President Obama is lining up ISIS targets in Iraq and may launch an attack on the militant Islamic militia that is threatening Baghdad even if he does not get an agreement with the Iraqi regime, Secretary of State John Kerry said today.
Speaking in Baghdad after meeting with Iraqi Prime Minister Nouri al-Maliki and other political leaders, Kerry said Obama is "each day" gaining more certainty of the targets he would strike if the United States decided on its own to take military action.
"He has reserved the right to himself, as he should, to make a decision at any point in time if he deems it necessary strategically," Kerry said.
Obama has said he would not provide Iraq more military support unless it forms a government more accepting of religious minorities, but Kerry stressed that Obama wouldn't hesitate to have the U.S. conduct its own military operations if necessary.
"The president has moved the assets into place and has been gaining each day the assurances he needs with respect to potential targeting," Kerry said.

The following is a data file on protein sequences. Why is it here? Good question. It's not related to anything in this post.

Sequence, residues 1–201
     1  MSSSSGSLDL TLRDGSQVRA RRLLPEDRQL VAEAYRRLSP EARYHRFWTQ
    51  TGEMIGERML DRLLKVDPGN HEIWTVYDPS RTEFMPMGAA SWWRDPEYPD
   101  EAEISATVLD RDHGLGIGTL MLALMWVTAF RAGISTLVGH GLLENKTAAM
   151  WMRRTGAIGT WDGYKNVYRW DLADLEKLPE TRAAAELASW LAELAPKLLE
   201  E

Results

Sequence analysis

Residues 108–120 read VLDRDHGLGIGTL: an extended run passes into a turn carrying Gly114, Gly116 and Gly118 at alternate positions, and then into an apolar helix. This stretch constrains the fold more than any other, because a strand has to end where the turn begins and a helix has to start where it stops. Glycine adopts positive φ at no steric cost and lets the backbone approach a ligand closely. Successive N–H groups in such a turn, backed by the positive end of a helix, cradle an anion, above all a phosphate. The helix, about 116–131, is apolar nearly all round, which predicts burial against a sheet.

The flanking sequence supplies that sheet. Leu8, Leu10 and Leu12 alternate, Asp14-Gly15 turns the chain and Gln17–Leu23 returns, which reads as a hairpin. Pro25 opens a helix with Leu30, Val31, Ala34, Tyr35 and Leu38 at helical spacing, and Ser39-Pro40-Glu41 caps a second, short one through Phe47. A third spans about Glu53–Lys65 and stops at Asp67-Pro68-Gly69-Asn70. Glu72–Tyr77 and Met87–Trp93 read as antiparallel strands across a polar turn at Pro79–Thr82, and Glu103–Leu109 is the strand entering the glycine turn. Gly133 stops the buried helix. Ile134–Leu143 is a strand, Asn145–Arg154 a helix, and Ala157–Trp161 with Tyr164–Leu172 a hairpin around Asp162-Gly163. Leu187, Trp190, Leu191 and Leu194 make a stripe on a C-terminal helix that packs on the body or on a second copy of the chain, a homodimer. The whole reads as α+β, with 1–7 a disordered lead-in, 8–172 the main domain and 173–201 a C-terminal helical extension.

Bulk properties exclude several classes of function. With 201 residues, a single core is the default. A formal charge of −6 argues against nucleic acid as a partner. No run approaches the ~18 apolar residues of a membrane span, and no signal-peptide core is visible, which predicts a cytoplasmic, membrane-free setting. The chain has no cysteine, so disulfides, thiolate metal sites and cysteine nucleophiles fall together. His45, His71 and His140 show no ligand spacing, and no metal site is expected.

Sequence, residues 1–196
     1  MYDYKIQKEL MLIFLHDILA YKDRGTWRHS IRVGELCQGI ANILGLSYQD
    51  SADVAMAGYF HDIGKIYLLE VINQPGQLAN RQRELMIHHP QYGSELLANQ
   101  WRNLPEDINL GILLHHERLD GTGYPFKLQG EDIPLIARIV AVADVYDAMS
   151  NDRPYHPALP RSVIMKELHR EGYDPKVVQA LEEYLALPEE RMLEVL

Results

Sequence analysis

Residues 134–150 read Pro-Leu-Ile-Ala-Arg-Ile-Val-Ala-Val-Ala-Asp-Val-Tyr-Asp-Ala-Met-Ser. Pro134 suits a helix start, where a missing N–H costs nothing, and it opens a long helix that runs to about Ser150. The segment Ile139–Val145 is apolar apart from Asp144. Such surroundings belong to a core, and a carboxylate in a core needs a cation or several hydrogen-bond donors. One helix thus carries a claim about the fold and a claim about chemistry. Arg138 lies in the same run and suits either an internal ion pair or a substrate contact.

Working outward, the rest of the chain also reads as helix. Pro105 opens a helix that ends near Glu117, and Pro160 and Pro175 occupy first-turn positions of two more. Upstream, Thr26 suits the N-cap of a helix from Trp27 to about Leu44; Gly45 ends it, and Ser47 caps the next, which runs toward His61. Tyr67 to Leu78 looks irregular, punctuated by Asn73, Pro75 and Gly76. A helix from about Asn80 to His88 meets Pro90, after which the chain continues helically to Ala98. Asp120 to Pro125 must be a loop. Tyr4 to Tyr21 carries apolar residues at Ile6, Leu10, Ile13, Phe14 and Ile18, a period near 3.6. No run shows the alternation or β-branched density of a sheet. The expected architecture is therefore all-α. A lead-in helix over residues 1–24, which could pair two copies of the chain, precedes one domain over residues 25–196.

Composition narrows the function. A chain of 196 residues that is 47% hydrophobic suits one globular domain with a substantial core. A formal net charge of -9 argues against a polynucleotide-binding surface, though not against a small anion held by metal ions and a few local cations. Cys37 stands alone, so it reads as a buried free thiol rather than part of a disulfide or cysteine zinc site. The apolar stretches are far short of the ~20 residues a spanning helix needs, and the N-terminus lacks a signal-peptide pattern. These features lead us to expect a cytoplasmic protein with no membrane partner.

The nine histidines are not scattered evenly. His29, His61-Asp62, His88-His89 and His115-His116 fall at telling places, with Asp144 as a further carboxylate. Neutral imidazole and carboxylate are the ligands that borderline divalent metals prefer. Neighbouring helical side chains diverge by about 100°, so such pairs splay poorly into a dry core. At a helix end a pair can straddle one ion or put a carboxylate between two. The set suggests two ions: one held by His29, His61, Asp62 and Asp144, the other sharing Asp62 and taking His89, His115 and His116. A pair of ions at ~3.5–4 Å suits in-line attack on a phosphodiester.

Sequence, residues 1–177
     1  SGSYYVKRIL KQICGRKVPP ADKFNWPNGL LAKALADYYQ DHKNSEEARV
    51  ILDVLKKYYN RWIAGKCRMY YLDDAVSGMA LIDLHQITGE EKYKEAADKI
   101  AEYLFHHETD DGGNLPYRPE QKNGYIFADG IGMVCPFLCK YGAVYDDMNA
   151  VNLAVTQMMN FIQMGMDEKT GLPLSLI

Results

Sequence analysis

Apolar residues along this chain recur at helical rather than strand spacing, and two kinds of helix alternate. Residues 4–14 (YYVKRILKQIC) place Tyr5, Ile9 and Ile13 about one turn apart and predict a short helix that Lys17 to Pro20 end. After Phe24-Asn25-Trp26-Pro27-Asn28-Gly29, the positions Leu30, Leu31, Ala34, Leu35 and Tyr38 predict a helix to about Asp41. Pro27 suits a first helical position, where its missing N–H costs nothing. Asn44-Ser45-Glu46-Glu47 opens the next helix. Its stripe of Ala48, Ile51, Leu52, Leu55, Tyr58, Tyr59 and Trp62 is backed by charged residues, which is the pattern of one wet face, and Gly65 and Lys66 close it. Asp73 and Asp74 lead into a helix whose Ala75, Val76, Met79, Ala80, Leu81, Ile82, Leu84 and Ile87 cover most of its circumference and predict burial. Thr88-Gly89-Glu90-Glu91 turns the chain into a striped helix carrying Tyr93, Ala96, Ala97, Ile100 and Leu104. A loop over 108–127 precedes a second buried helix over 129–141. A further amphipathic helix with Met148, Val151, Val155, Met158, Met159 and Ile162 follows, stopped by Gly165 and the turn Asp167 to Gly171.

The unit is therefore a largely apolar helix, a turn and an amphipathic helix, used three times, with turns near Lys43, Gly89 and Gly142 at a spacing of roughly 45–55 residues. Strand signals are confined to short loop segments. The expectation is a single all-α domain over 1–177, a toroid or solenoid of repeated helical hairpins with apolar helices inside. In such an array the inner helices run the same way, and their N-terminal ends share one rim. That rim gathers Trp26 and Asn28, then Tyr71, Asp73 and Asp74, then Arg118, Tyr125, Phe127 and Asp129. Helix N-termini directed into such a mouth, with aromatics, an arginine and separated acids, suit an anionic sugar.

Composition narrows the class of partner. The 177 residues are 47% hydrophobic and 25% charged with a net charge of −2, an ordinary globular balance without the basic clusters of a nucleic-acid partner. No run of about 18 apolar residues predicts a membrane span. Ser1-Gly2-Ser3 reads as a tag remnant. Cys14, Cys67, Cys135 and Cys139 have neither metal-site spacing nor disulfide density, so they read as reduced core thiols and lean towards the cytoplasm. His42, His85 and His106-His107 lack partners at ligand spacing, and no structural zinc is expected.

Kerry has been urging Maliki and Iraqi politicians to form a government, currently composed overwhelmingly of Shiites, that will include Sunnis and Kurds.
If that happens, American support "will be intense, sustained, and if Iraq's leaders take the necessary steps to bring the country together, it will be effective."
Kerry said that message had been received loud and clear by members of the Iraqi leadership, and that they are committed to having the Iraqi parliament convene on July 1, where it would select a new cabinet, president and prime minister.
Kerry conceded that Obama may not be able to wait for Iraqi politics.
"President Obama has not declared that he will wait," he said.
"He sent me here to evaluate in my discussions with the leadership what choices they are prepared to make," Kerry said. "But clearly if there is evidence that requires some kind of action prior to that process being completed, the president maintains the prerogative of making that decision."
The Islamic militia ISIS has swept through much of northern and western Iraq and now menaces the capital Baghdad. The American trained Iraqi army crumbled in the face of the attack.
The president has already authorized as many as 300 U.S. special forces troops to be deployed to Iraq to advise the Iraqi military and today the Pentagon said Iraq has agreed to provide protection for the American teams, a necessary step before the special forces would be deployed.
A U.S. official confirmed today that two teams already in Iraq made up of forces already assigned to the embassy will begin their assessments later this week. Up to four more 12-man teams will also arrive soon.